Of the ten students in my most recent mobile software development course, two work directly in software development. The remaining eight are either marketers or have executive responsibilities in their company. This mix of skills and responsibilities, a little different from the norm for a hands-on course like this, generated an interesting combination of points of views and expectations.
It is not possible to deeply study the iPhone/iPad, Android and BlackBerry platforms in only five days. In order to get the most value out of the class, we worked out a nice flow that started with discussing the foundations of these mobile platforms and their similarities, followed by an examination of their differences. We also wrote a BlackBerry application, and reviewed the code for an iPhone and an Android application.
The transition from coding on one platform to coding on another platform was not smooth. The programmers in the class told me they had expected to work on simple 'Hello World"-type examples, and they were surprised that I brought a whole end-to-end application they would need to code from scratch. They said this was arduous at times, but also rewarding because they worked on something that contained real-world solutions they can apply to their own applications.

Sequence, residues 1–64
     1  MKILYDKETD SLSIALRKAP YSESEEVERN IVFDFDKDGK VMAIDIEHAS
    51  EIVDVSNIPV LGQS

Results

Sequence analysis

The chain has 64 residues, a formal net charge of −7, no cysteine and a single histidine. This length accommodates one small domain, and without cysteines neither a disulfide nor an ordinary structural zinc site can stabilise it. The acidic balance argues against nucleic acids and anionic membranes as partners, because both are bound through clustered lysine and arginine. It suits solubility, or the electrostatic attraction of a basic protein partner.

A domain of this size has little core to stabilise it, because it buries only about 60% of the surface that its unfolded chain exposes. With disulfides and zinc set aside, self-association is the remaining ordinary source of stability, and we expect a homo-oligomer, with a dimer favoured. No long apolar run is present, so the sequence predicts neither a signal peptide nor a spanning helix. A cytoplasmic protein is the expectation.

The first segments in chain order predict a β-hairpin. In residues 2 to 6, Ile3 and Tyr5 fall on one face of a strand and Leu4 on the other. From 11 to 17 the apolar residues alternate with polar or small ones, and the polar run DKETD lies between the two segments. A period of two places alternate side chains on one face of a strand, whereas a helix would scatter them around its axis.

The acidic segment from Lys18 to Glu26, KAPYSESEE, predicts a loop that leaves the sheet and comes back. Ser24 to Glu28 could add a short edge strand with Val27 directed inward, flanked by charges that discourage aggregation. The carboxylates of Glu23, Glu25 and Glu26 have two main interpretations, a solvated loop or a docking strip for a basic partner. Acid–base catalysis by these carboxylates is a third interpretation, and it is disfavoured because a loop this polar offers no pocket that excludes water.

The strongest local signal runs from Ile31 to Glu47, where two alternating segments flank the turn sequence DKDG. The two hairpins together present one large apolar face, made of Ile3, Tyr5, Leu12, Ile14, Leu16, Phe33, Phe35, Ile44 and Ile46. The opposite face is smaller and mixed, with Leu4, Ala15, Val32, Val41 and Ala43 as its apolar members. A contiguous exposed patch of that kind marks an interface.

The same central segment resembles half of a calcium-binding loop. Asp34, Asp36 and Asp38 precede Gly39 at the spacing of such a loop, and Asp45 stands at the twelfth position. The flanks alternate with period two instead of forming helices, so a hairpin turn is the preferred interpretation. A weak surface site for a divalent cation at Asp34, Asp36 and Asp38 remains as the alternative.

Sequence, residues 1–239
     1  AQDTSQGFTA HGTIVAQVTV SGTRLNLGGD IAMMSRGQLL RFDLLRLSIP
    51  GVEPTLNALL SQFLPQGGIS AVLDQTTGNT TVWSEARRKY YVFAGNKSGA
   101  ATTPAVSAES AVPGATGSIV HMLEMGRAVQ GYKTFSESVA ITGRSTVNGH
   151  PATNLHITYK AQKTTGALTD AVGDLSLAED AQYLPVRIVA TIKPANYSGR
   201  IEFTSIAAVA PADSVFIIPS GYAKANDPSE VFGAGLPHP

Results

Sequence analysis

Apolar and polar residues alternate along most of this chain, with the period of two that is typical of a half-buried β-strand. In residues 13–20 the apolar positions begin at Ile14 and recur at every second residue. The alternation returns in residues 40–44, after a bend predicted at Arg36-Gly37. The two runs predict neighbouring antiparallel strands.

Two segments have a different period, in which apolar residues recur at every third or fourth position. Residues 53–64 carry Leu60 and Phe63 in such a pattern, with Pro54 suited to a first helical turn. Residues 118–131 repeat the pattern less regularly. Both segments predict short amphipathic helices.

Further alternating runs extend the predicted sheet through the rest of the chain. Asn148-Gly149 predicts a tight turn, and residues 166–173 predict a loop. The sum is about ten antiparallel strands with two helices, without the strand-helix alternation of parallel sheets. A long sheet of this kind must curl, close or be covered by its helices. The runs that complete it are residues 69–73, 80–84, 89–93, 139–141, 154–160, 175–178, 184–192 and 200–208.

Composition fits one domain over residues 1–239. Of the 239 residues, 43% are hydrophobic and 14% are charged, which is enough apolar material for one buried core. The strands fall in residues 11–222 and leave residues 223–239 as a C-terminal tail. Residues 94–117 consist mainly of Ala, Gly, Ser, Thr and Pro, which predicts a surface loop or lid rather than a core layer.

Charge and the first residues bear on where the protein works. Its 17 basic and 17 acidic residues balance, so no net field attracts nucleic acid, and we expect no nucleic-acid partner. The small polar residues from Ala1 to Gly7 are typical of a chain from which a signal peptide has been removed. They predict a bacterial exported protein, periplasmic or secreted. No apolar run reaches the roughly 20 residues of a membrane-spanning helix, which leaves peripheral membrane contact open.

Mobile software development is challenging
It was interesting to observe fellow technologists realize the magnitude of the challenge in developing products that target more than one mobile platform. For example, how difficult it is to find expert leaders and programmers that can be effective on iPhone, Android, Nokia, BlackBerry and Windows mobile. Or how difficult it is, even for teams with a clear vision of the systems’ goals, to create satisfying designs for each platform.
The situation is similar in the tools arena. Only a few viable cross-platform development tools exist today, while many problem domains require a level of access to device capabilities, performance and other features only achievable by native applications written with the platform’s development tools.
It takes a committed team
The active participation of company leaders was another interesting highlight of the course. I’m happy they signed up. I think it is important for them to know how their products will work, and what it takes to build them. This is a responsibility they share with their colleagues from the software development department.
A great experience this class. Wouldn’t you agree?